Figuring out the best headphones for mixing can be quite a difficult task. Luckily for you, I have taken out all the guess work, research, headache, and uncertainty. I have done laborious amounts of research on the topic, and I can without a doubt tell you that the Sennheiser HD 600 is the absolute best option for all of your mixing and reference needs!
Before we get into why .. Grab a snack, sit back and relax because..
You’ve come to the right place!!
What I will bring you in this article
Quick View of the HD 600
Final Word and Link to my official review
Now without further ado, let’s get started!
Note: If you don’t want the backstory and all my rambling, just scroll to the bottom and click on the link to my official review! 🙂 Or you can also click here for the Sennheiser HD 600 Review.
Being a producer myself, I’ve always needed the best headphones for mixing. When I first started making beats, I invested in a pair of Sony MDR 7506’s, a laptop, and my KORG padKONTROL. It was a nice little set up. I could bring my gear on trips and make beats pretty much anywhere. The 7506 is a great headphone and for mixing it works beautifully. Known as the industry standard, it really excels in giving you a flat, neutral response that some call a bit “cold” (which is a good thing).
That being said, the 7506 improved my mixes tremendously.
However, they aren’t the best for mixing.
As my journey continued on, I graduated to the Audio Technica ATH M50’s. Labeled “Studio Monitors”, I was quickly blown away by their sound. I also invested in a quality audio interface and a pair of actual studio monitors.
My studio is still growing and evolving, but years later, I still appreciate and continue to love the M50’s. They also do great as mixing headphones, but are more for the casual consumer looking for audiophile quality at an affordable price.
In 2015 I purchased another pair in the Sennheiser HD 280. Great headphone, super flat and neutral, superb for mixing, and built like a tank .. but extremely BORING. Ugh. I suppose coming from the flamboyant and exciting M50 didn’t help; But man, what a chore it was to even listen to these for extended periods. I guess that’s the point (they’re clinical for a reason), but I don’t remember the 7506 being that lifeless. Oh well.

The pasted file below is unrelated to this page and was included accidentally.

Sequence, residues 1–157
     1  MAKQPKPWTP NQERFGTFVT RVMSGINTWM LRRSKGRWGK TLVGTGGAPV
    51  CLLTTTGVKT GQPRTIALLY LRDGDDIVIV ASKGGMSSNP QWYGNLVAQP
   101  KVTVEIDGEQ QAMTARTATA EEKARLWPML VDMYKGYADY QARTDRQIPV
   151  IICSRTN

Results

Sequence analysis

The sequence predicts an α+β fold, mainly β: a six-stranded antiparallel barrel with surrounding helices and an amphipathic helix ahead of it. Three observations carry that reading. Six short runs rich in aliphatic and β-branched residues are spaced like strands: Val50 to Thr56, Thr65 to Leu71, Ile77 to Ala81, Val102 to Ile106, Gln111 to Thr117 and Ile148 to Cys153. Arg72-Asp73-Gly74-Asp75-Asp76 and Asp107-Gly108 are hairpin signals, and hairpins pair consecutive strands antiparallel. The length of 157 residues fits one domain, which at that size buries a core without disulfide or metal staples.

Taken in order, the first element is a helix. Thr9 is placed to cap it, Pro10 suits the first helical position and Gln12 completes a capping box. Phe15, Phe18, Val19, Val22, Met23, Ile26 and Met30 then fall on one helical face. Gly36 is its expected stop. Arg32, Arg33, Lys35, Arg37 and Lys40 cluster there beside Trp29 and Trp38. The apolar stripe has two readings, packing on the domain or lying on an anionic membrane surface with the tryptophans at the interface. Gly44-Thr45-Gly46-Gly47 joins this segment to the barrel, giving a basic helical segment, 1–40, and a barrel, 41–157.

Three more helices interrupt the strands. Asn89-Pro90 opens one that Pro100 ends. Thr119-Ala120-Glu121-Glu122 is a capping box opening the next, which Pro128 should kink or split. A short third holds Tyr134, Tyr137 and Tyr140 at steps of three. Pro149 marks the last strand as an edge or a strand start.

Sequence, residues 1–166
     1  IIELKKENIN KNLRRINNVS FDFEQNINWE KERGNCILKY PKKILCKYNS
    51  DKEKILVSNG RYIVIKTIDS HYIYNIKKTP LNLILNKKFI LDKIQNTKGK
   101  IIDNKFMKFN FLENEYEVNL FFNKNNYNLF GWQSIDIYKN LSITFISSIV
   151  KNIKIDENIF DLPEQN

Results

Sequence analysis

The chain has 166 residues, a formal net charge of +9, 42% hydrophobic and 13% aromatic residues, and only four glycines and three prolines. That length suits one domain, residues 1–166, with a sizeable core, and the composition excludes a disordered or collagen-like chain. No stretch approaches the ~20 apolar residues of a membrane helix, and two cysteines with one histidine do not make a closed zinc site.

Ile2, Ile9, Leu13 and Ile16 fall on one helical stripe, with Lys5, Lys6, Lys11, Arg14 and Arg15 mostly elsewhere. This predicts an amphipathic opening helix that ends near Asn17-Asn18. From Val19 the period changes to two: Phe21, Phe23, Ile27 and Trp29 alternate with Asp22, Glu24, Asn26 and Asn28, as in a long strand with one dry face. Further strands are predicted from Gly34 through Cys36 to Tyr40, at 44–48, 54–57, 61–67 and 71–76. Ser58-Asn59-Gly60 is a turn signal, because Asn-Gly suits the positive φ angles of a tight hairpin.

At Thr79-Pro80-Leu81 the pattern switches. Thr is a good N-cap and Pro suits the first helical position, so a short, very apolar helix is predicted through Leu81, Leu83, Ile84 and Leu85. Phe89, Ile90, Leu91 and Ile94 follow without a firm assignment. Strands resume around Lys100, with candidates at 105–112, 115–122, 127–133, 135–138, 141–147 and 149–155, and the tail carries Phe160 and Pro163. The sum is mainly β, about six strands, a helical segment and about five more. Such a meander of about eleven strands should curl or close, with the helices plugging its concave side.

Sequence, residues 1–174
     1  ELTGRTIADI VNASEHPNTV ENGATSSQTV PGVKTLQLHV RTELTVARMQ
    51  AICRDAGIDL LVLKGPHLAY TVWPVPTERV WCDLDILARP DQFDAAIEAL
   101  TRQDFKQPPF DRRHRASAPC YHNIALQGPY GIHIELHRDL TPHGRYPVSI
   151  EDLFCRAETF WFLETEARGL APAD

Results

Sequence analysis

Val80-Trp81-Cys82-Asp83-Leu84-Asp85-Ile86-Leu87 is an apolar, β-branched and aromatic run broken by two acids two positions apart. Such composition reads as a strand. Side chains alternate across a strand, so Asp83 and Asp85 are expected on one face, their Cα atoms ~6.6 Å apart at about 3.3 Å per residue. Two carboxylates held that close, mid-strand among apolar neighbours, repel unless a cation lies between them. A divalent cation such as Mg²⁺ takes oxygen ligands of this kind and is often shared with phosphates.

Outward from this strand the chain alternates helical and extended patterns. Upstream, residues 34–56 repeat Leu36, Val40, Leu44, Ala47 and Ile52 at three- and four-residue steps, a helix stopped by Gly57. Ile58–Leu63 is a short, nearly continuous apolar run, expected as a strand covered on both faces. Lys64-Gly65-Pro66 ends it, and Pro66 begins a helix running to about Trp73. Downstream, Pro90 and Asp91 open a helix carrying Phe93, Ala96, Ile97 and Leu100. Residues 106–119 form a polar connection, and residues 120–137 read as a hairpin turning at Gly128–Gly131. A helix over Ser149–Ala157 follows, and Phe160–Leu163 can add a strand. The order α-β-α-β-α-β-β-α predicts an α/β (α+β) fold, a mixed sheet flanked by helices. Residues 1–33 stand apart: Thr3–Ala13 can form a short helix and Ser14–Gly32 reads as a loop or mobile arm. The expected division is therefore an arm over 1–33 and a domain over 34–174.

Some people claim that you should never mix on headphones exclusively. I can agree with that to an extent. With closed back headphones such as the two mentioned, yes; You should always have a pair of studio monitors as your primary source.
However, nowadays with the advent and emergence of open back headphones, it’s becoming more and more acceptable to mix on these exclusively. Why? Because:
Their sound-stage, or ability to separate instruments and give clarity to a mix is astonishing. What is Soundstage?
They give you a 3-d like, surround sound feeling at times, thus allowing you to really pick apart a mix and discern what needs tweaking.
So basically a good set of open back headphones can be like listening to actual speakers. The sound is spacious and airy, which is very conducive to mixing.
While I haven’t actually invested in a pair of HD 600’s, it will be my next purchase without a doubt.
Being that I have been looking to upgrade for months now, I had to dig deep and find out as much information as I could from the trusty old interwebs 🙂 Nowadays, the internet has made it easier than ever before to find exactly what you’re looking for. After all, you stumbled upon this site right? 😀 Reviews are no different. I’m sure you can relate when I say, I have this almost unhealthy obsession with finding out as much as possible about a product before I buy it.
The HD 600 was no different.
I was on the fence for a long time about which was the best. After diligently going back and forth between 3 models, I wrote an article on the best studio headphones for mixing.